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Story Publication logo April 16, 2020

For Brazil’s Indigenous Communities, Pandemic Revives Memories of Earlier Plagues


Volunteers from Indonesia's Red Cross prepare to spray disinfectant at a school closed amid the spread of coronavirus (COVID-19) in Jakarta. Image by REUTERS/Willy Kurniawan. Indonesia, 2020.

Veteran public health journalists from Science magazine explore what science knows—and is learning...

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Image by Shutterstock. Brazil, 2015.
Image by Shutterstock. Brazil, 2015.

To the older generation of the Paiter Surui, the COVID-19 pandemic looks familiar.

The Indigenous people who inhabit the border of the Brazilian states of Rondônia and Mato Grosso suffered hundreds of deaths from measles and other infectious diseases in the decades after they first made contact with non-Indigenous people in 1969. The survivors "already experienced what is happening in the world today with the coronavirus," says Rubens Naraikoe Surui, a young Indigenous leader.

Now, as the number of coronavirus cases ramps up in Brazil, the Pater Surui and other Indigenous people worry that they could be hard hit. So far, 16 members of such groups are known to have had COVID-19 infections, and three have died: a 15-year-old Yanomami boy, a 78-year-old Tikuna man, and a 44-year-old Kokama woman.

The region is ripe for further spread. The state of Amazonas, where most Indigenous communities are, currently has the most cases per capita in Brazil. Manaus, the state capital, has more than 1500 confirmed cases and 106 deaths, and its health care system is on the verge of collapse, according to local authorities. Two emergency hospitals are being built in a race against time.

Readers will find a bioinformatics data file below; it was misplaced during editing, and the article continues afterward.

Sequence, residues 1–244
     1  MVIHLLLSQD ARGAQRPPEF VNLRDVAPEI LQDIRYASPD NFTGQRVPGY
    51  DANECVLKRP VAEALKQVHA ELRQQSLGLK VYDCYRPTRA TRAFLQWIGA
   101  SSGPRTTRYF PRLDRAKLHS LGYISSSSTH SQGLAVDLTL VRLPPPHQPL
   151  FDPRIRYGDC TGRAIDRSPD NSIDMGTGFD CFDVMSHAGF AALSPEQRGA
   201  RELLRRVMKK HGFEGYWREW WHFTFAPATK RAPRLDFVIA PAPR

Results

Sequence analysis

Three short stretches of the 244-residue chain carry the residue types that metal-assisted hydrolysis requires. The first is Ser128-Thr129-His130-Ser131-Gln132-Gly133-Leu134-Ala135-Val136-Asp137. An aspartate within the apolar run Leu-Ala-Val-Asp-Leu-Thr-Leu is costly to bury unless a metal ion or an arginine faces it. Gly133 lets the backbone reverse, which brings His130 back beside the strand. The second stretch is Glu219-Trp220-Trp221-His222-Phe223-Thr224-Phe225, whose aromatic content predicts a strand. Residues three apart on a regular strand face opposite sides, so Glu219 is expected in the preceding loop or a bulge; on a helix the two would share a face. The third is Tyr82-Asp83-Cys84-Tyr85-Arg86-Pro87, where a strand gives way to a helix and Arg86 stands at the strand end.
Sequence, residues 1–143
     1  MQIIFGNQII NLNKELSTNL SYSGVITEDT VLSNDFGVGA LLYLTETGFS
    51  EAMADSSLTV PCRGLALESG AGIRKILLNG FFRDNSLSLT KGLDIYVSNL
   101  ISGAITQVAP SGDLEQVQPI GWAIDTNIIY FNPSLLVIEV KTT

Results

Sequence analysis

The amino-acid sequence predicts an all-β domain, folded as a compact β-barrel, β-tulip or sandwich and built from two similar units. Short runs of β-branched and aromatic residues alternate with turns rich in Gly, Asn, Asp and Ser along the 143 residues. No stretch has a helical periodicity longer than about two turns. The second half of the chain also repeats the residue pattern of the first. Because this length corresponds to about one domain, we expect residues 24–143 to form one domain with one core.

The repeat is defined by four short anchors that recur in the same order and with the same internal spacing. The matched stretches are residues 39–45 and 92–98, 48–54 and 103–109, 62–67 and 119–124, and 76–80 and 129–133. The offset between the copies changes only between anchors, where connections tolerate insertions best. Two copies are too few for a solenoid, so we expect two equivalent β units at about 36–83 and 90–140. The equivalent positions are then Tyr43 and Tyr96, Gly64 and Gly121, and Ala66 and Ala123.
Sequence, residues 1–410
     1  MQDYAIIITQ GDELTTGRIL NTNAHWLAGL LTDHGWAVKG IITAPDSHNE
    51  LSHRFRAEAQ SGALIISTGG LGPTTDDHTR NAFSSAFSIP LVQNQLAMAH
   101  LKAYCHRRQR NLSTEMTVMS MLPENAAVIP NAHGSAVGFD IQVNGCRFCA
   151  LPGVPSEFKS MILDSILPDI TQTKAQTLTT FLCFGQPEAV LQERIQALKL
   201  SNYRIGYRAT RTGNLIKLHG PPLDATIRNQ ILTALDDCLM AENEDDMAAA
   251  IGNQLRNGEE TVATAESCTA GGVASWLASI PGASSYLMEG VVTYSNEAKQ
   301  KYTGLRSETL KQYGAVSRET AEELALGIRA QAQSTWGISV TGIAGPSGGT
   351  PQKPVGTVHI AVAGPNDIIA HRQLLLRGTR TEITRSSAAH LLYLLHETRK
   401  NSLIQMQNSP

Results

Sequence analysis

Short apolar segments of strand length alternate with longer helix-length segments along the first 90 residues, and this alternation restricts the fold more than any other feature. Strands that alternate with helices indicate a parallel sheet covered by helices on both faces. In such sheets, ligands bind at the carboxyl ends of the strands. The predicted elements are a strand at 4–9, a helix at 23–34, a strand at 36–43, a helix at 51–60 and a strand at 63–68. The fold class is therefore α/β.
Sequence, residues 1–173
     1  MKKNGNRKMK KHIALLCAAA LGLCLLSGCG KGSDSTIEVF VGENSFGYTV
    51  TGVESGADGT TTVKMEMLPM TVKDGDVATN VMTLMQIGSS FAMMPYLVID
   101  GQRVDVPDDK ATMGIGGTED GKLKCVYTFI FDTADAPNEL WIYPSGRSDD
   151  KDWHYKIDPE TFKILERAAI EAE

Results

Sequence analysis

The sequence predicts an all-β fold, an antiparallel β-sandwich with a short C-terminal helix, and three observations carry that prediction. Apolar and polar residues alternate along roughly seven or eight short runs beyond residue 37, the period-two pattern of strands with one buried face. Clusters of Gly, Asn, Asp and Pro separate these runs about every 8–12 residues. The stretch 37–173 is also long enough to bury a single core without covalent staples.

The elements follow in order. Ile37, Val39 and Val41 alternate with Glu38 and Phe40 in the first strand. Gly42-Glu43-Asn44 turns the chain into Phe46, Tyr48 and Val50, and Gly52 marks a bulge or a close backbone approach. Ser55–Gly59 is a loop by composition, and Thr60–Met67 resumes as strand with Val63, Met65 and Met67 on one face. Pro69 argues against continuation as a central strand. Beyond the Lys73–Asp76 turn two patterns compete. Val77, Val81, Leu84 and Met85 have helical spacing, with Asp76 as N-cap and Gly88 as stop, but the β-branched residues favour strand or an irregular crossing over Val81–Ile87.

Although Indigenous populations were devastated by measles and other infectious diseases in the past, the idea that they are somehow biologically more vulnerable to new diseases is a myth, says Carlos Coimbra, an epidemiologist at the Oswaldo Cruz Foundation in Rio de Janeiro who specializes in indigenous health. "There's no scientific basis to support that," Coimbra says. Anytime a new virus enters a population that is "immunologically naïve," as happened with measles and the Paiter Surui, it will spread rapidly. Today vaccines and regular contact with non-Indigenous people have boosted Indigenous local people's immunity to measles, influenza, and other diseases, Coimbra says. The new coronavirus, on the other hand, is new to the entire world.

What could make these populations unusually vulnerable to COVID-19 are other medical, social, and environmental factors, such a high prevalence of tuberculosis and malaria, a lack of safe drinking water, and malnutrition, Coimbra says. And the Amazon region, where most Indigenous communities live, has few hospitals with intensive care units and a limited number of ventilators, required for the most severe COVID-19 cases.